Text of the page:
ACES: A framework to guide your LinkedIn strategy 

by Paige Hewlett in December 11th, 2020

When it comes to social strategy, LinkedIn is a great platform for individuals and companies alike. You can build both your personal brand and that of your company. If your company’s target audience includes business professionals, then LinkedIn is a natural fit within your social media marketing strategy. 

The first step to using LinkedIn effectively is to have an updated, robust personal profile and a company page. Then, you’re ready to build your network and engage in conversations across the platform. A big part of LinkedIn, or any social media platform, is to provide content that is engaging — to provide value to your followers. 

We have a basic framework to help guide the kind of content you post. It’s called ACES. You read more about it in this blog post

  • Action
  • Community
  • Expertise
  • Sales

In this model, 90% of what you or your business shares on LinkedIn should fall into the first three categories. Only 10% should focus specifically on driving sales. This balance helps to ensure that your focus is on content that builds affinity and loyalty amongst your followers, rather than annoyance. 

Here are examples of what each category of content looks like on LinkedIn. 

1. Action

This category is self-explanatory: posts to encourage your followers to engage in a specific way with you or your company. This could mean posting a link to something that takes them off of LinkedIn like a newsletter or event sign up. But we challenge you to think of creative ways to drive engagement without making people leave the platform. Social media is intended to resemble true conversation — how can you recreate this?

A few ideas:

  • Ask a question 
  • Take a poll
  • Solicit recommendations 
  • Request feedback 

Be genuine about the conversation you’re creating. Don’t ask people to tag their friends or like your post simply to boost your engagement rate. Use these tactics if you truly want to better understand your followers and how they think. 

2. Community

We define connection content as posts that share personal stories and build relationships.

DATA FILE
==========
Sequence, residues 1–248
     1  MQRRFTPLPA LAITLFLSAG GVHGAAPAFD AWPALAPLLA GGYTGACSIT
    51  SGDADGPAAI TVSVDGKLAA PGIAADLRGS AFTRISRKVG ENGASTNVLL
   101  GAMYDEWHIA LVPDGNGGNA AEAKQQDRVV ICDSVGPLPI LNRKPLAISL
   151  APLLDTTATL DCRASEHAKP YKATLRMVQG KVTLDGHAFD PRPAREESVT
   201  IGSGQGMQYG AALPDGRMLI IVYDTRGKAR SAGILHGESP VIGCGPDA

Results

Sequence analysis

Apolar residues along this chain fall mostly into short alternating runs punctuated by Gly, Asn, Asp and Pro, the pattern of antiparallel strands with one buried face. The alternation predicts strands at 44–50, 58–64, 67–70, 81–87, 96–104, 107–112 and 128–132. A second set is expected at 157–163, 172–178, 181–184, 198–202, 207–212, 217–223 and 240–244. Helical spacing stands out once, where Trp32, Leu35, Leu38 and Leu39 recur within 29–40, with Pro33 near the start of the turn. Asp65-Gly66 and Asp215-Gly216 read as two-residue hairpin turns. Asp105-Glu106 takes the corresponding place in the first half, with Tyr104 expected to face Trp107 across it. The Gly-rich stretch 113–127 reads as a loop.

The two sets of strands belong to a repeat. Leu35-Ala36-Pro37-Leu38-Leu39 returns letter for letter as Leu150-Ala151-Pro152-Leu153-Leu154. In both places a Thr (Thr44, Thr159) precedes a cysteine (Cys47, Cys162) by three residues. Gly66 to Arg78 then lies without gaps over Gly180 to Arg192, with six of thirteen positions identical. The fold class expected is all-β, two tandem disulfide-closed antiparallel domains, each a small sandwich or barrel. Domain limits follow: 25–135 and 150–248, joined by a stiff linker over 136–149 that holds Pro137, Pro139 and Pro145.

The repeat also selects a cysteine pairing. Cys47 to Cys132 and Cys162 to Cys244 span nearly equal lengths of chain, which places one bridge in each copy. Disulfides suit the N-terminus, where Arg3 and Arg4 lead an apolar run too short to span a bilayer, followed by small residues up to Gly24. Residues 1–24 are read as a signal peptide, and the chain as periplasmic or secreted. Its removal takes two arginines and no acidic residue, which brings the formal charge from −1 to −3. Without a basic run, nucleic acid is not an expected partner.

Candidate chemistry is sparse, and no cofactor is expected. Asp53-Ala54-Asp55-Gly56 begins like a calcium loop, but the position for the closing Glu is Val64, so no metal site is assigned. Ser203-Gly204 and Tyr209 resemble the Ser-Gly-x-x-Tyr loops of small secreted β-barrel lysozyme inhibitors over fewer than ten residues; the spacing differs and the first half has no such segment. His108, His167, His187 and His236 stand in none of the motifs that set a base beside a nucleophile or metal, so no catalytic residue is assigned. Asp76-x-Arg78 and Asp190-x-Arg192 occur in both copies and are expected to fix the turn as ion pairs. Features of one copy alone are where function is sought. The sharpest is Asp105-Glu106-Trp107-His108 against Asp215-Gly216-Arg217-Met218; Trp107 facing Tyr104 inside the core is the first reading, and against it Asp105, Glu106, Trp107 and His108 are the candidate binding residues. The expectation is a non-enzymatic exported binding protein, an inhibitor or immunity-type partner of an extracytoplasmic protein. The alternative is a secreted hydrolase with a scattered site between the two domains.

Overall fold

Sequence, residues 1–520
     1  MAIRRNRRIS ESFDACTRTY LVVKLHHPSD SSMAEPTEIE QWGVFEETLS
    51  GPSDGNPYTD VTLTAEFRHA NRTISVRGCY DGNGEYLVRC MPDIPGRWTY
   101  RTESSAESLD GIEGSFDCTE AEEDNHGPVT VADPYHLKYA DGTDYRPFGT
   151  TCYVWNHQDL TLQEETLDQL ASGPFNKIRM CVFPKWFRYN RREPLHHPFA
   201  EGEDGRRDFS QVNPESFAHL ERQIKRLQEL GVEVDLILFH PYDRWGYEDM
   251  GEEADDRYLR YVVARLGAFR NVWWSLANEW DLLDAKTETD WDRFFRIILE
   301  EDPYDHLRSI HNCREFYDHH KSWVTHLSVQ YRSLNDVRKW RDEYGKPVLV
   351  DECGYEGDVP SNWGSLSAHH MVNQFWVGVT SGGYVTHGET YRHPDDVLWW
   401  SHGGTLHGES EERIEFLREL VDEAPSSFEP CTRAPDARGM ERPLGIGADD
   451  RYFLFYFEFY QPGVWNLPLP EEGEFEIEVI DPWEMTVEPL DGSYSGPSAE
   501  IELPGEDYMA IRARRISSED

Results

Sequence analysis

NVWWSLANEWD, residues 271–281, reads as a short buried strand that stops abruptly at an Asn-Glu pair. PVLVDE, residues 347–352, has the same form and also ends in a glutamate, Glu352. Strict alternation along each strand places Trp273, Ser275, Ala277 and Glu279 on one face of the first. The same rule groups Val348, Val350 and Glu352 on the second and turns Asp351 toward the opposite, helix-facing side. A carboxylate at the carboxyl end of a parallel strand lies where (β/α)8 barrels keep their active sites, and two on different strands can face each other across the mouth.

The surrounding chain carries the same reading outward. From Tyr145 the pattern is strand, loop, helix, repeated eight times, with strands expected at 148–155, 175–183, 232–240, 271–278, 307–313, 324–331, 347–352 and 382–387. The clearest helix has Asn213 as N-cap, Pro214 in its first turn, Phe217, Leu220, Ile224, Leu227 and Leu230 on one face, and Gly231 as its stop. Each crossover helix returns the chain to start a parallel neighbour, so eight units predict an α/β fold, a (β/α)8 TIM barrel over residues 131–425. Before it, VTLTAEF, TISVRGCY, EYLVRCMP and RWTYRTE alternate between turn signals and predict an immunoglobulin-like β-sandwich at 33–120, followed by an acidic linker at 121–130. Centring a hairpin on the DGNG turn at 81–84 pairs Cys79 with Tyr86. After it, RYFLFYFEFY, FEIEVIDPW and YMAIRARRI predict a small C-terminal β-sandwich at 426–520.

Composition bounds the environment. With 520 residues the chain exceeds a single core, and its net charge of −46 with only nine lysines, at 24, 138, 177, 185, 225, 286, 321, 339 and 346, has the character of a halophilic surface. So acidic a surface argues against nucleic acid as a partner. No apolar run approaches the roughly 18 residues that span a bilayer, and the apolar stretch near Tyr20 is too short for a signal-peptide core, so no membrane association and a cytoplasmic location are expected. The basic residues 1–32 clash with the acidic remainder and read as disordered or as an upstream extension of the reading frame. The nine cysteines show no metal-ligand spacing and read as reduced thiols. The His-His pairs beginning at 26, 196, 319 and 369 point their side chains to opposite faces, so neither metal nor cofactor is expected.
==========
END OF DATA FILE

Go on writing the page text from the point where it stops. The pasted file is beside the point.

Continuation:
If you are a founder or a leader at a small business, you share a lot of the same pain points, questions, and experiences as others in your position. Sharing about these on LinkedIn can help you find a community of like-minded individuals. 

On a company page, you can share content or posts that reflect a more human side of your business, like stories from employees or customers, for example. Similarly, partnering with other businesses or individuals related to your industry is a great way to introduce your audience to something they might appreciate and expand your community to new people. 

3. Expertise

This type of post is about showing your or your business’ expertise on different subjects. Focus on topics that relate to you, your business, and your audience. 

You can show expertise by sharing third-party content, industry news, or your own opinion or thought leadership on a particular topic. Regardless of what you’re sharing, the key is to share your own point of view and to contribute additional perspective. 

The more you practice posting expertise-related content, the clearer your point of view becomes and the easier it is to identify possible topics to discuss. 

4. Sales

As we said, posts that are intended to sell your products or services should make up less than 10% of your activity on LinkedIn. On social media, softer selling tactics can often be more successful. This may mean promoting positive press, events, or gated content more often than linking to specific product or demo request pages. 

When posting something that is promotional, the same best practices apply that we have already mentioned. Be genuine and personal. Present information in a way that is relatable to your audience. Here is a great example from Buffer on a feature launch:

If you are looking to develop your LinkedIn strategy, here are additional resources you may find helpful: